The IRS didn’t start sending out fines for 2015 noncompliance until late last year. Acting IRS Commissioner David Kautter told a House committee last month that the agency had sent about 10,000 enforcement letters and that more than 80 percent have been resolved with the businesses owing nothing.
An employer that didn’t offer health coverage in 2015 faced a fine of $2,080 per full-time employee after the first 30 employees. A second kind of fine is levied to employers who offer coverage that isn’t deemed affordable enough.
The employer groups have been in lengthy debate with the IRS about the penalties. The letter today—which makes several allegations of “unlawful” behavior—is an escalation of those discussions.
President Donald Trump announced that HHS Secretary Alex Azar and Labor Secretary Alex Acosta will release new health care plans in the next four weeks, referring to upcoming rules on association health plans (AHPs) and short-term health plans. The rule on AHPs will be out in two weeks and the short-term plan rule will be out in the next four weeks, Trump said during two separate appearances this week.
The proposed rule on AHPs was sent to OMB on May 9. If finalized, the rule would loosen the definition of an employer under ERISA to encourage creation of AHPs that could cover workers from various industries and include sole proprietors and their dependents.
Fourteen Democratic governors on May 31, in a letter to HHS Secretary Alex Azar, threatened to sue the Trump administration if it finalizes sweeping changes to the federal family planning grants program that would effectively eliminate funding for clinics that provide or simply refer patients elsewhere for abortions, including Planned Parenthood. The governors wrote that HHS should reconsider its Title X plan, which they say is “dangerous” and “poses serious risks to women’s health.”
“If this reckless policy is finalized as written, we will have no choice but to explore all possible avenues, including legal options, to block it from harming the women in our states,” they write.
Governors from Colorado, Connecticut, Delaware, Hawaii, Minnesota, Montana, New Jersey, New York, North Carolina, Oregon, Pennsylvania, Rhode Island, Virginia and Washington signed the letter.
This report examines the progress the progress the Veterans Health Administration (VHA) has made improving opioid safety through its Opioid Safety Initiative (OSI). Since the OSI began, VHA has seen reductions in opioid prescribing rates. For example, from the fourth quarter of fiscal year 2013 to the first quarter of fiscal year 2018, the percentage of patients dispensed an opioid decreased from about 17 percent to about 10 percent, or by about 267,000 veterans. Also, available evidence suggests VHA has accomplished six of nine OSI goals established in 2014; however, it is unclear whether the remaining three goals have been fully met. For example, in the case of OSI goal four (establishing safe and effective regional tapering programs for patients on opioids and benzodiazepines), GAO found that VHA lacked documentation that its regional networks established these programs.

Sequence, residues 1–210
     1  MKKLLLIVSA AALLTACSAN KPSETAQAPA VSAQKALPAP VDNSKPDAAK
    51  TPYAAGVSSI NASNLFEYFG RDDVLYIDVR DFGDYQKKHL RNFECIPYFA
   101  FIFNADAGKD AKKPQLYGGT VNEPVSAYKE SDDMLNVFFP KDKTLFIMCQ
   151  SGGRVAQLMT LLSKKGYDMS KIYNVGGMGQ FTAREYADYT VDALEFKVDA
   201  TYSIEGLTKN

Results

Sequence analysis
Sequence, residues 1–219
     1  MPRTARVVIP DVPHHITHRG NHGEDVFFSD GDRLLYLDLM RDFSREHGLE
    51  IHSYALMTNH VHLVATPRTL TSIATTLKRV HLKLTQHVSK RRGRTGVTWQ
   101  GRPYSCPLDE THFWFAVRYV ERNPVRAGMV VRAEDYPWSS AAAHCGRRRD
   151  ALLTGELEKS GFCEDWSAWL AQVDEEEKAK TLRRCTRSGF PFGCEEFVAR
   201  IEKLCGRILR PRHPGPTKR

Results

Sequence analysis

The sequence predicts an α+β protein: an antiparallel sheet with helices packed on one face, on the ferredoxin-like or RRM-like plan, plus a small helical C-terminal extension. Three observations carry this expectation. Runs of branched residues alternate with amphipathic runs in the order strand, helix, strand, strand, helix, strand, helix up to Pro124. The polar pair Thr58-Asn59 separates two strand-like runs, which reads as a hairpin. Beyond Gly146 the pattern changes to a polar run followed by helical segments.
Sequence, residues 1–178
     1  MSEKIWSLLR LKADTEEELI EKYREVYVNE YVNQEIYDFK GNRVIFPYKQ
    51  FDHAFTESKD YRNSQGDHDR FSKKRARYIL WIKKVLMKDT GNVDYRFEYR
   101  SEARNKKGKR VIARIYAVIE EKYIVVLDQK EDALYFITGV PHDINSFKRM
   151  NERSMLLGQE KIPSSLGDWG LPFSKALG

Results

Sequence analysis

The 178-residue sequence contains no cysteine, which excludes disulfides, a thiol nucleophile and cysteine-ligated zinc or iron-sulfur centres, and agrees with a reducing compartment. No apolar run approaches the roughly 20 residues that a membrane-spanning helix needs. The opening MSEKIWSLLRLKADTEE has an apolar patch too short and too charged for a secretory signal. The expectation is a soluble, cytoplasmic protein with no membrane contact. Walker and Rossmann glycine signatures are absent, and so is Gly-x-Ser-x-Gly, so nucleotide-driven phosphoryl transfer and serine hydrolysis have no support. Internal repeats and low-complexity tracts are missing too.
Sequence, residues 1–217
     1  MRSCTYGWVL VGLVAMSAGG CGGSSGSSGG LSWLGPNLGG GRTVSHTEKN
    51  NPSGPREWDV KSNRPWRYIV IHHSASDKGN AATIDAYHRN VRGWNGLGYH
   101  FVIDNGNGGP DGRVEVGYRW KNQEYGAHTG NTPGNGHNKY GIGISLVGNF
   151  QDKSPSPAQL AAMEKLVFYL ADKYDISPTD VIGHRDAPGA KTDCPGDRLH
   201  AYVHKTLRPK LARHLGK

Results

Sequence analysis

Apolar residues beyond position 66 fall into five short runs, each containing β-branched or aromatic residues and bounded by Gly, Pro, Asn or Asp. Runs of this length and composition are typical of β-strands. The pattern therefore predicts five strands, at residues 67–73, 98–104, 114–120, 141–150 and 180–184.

GAO found several factors that may have contributed to inconsistent adherence to key opioid risk mitigation strategies at the selected VHA facilities. For example, four of the five selected facilities did not have a pain champion (a primary care position required by VHA that can help providers adhere to opioid risk mitigation strategies), and not all facilities had access to academic detailing, a program in which trained clinical pharmacists work one-on-one with providers to better inform them about evidence-based care related to the appropriate treatment of relevant medical conditions. In addition, three of the five facilities did not consistently review veterans’ medical records to ensure provider adherence to these strategies.